Sen. Joe Lieberman (I-CT), whose vote would most likely be necessary to break a Republican filibuster on health care reform, said Thursday that he's "inclined to let the motion to proceed."

But, he added, "I haven't decided yet."

Who doesn't love a little attention?

By fnord12 | October 16, 2009, 4:40 PM | Liberal Outrage | Link

Min and I fall into the 100th percentile

A Louisia Justice of the Peace is making the news for refusing to marry interracial couples.

"I'm not a racist," Bardwell said. "I do ceremonies for black couples right here in my house. My main concern is for the children."
Bardwell said from his experience, "99 percent of the time" the interracial couple consists of a black man and white woman.

"I find that rather confusing," he said.

He said he has discussed the topic with blacks and whites, along with witnessing some interracial marriages. Bardwell said he came to the conclusion that most black society does not readily accept offspring of such relationships, and neither does white society.

"Yet, the children are innocent. They had nothing to do with that," he said.

In many cases, he said, the grandparents or a relative ends up with the children.

"I don't do interracial marriages because I don't want to put children in a situation they didn't bring on themselves," Bardwell said. "In my heart, I feel the children will later suffer."

Like Digby said, "Right. Their poor kids could grow up to be president someday."

Sure, it's just a nutty old guy. I mean, the ACLU is doing the right thing trying to get him removed. But you could say it's not an official policy and it's just some loon acting on his own. Except for this:

He said the state attorney general told him years ago that he would eventually get into trouble for not performing interracial marriages.

Ummm, why didn't the attorney general actually do anything about it?

By fnord12 | October 16, 2009, 3:54 PM | Liberal Outrage | Link

2011: Obama's Coup Fails

The video game:

Location: Virginia, U.S.A. You are a militia commander and in control of 1 county.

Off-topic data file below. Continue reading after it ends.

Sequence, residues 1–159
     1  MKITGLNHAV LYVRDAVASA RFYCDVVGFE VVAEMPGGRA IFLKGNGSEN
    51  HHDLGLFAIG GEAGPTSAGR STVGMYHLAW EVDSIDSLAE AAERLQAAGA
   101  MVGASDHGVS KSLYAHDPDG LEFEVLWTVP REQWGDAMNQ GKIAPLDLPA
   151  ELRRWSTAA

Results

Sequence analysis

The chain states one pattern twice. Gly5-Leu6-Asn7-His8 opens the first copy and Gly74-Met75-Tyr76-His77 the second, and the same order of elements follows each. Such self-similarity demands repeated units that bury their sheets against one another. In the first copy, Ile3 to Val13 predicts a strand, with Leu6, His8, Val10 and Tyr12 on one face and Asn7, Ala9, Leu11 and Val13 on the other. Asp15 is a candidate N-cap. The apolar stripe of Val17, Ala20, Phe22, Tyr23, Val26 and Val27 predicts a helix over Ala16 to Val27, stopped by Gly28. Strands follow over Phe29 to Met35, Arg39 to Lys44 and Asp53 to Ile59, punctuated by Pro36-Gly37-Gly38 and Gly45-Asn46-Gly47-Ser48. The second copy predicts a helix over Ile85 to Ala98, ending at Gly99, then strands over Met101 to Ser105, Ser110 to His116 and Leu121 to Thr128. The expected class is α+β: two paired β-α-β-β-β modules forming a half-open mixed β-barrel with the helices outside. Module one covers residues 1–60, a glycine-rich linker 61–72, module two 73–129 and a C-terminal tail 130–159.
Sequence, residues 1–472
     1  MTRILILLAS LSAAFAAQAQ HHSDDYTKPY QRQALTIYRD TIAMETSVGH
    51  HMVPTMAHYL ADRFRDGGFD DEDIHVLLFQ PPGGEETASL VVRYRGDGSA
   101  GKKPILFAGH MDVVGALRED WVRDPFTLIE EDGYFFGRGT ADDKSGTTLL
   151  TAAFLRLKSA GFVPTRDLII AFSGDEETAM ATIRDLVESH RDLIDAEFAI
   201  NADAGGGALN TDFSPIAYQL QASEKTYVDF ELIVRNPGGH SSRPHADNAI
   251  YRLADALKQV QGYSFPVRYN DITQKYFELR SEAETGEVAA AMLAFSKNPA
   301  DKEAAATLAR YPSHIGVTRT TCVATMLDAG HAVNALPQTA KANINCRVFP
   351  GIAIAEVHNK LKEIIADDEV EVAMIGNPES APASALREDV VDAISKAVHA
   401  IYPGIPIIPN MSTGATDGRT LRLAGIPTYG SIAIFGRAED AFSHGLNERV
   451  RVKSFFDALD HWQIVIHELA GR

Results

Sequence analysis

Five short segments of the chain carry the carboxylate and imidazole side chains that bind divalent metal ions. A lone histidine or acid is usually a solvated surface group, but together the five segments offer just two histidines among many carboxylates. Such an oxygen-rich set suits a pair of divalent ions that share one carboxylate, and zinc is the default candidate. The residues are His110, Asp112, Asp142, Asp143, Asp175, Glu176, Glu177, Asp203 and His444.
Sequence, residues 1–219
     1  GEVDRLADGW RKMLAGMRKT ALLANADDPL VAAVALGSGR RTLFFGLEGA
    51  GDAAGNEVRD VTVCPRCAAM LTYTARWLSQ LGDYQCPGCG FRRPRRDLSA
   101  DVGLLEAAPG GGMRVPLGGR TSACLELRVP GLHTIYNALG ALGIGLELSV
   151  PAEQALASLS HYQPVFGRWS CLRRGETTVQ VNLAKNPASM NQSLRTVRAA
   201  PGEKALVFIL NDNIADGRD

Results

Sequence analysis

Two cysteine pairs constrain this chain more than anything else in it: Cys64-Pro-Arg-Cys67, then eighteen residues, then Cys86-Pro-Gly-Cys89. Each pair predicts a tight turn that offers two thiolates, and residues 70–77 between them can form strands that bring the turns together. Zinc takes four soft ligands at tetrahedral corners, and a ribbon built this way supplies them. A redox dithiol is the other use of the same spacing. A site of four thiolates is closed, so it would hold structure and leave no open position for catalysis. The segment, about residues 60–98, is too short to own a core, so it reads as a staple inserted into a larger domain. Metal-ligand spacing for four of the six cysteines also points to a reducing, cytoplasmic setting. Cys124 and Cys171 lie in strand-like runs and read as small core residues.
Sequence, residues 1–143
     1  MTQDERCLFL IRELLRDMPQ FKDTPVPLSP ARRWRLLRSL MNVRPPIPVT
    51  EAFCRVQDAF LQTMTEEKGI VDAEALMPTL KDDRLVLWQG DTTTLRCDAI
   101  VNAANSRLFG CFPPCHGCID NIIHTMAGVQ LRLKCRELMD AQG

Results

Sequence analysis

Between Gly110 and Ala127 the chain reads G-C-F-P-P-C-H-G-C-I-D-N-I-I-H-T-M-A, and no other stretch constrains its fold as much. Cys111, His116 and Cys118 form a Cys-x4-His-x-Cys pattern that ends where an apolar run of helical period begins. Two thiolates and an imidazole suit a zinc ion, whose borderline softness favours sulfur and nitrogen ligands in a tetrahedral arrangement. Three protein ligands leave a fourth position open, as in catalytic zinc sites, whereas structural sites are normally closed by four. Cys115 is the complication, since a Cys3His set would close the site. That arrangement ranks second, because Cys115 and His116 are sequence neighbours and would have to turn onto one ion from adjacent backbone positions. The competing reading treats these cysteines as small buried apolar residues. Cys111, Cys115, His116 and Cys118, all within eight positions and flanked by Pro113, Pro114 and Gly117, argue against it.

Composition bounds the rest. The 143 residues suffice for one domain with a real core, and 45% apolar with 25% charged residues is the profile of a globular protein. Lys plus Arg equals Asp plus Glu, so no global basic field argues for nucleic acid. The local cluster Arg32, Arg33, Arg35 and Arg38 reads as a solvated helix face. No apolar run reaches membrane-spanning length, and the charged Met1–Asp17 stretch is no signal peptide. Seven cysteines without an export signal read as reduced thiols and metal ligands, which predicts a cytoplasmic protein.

Mission: To defeat all enemies of the United States, both foreign and domestic. Includes:

* C.O.R.N.Y. (Congress of Rejected and Neglected Youth) Shock Troops
* Obama's police force (Ameritroops)
* The Cong (Former congressional leaders)
* Nation of Malsi (Islamic fundamentalist troops)
* Black Tigers (black nationalist troops loyal to Obama)
* NHKS (National Honor Killing Society) Yet another Islamic army
* I.S.U.E. ( International Service Union Empire) Troops
* U.N. (United Nations) Peacekeepers

To Win: If you control 10 counties by end of turn 40, you get 1 'win' in challenge section.

Game Time: 1 turn per minute with each turn representing days of battle. It takes 2 turns to take over a district, county, or city with the Blitzkrieg attack. All troops in a Blitzkrieg cannot be used until Blitzkrieg is settled.

Misc. Details: Be sure to train your troops at start-up by clicking 'resources' then paying for the type of militia troops you want. You will need to do this every turn ( every minute). You start with 3000 points and get 300 more militia recruits eager for battle per turn per county controlled. You will also get more militia troops joining after each battle you are in, as the people are eager to defeat all tyrants. You will also get 300 points per turn per county controlled.

Note: Your mission is to control as many counties in Virginia as possible. Enemy forces are in most counties so do not hesitate to attack any player not under your control as anarchy reigns in Virginia until Obama and his loyalists are defeated and game ends after 40 minutes (40 turns)

There's plenty more insanity if you follow this link. I really do recommend it. Er, i mean i recommend clicking the link. Not playing the game. The game sounds like an awful convoluted mess.

By fnord12 | October 16, 2009, 3:42 PM | Liberal Outrage & Video Games | Link



For Mr. Biden, a longtime senator who prided himself on his experience in foreign relations, the role represents an evolution in his own thinking, a shift from his days as a liberal hawk advocating for American involvement in Afghanistan. Month by month, year by year, the story of Mr. Biden's disenchantment with the Afghan government, and by extension with the engagement there, mirrors America's slow but steady turn against the war, with just 37 percent supporting more troops in last week's CBS News poll.

Arianna Huffington:

It's been known for a while that Biden has been on the other side of McChrystal's desire for a big escalation of our forces there -- the New York Times reported last month that he has "deep reservations" about it. So if the president does decide to escalate, Biden, for the good of the country, should escalate his willingness to act on those reservations.